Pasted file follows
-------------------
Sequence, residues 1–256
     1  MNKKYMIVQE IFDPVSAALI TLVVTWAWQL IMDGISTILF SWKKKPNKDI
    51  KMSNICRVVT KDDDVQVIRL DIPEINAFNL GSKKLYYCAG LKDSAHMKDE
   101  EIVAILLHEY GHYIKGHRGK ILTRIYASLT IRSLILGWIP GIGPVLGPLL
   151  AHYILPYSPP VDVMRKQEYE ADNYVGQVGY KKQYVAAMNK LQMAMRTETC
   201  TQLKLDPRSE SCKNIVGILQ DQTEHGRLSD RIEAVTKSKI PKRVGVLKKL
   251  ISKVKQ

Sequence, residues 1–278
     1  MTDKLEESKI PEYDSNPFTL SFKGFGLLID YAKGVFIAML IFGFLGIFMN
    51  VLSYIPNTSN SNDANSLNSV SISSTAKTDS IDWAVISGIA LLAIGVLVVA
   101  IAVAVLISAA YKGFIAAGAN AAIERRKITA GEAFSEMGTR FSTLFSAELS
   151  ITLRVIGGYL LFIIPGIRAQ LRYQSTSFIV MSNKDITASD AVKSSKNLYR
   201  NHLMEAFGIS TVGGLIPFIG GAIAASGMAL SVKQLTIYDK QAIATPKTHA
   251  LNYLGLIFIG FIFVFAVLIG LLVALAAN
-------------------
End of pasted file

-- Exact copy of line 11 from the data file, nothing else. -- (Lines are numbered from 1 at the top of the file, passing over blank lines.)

   101  IAVAVLISAA YKGFIAAGAN AAIERRKITA GEAFSEMGTR FSTLFSAELS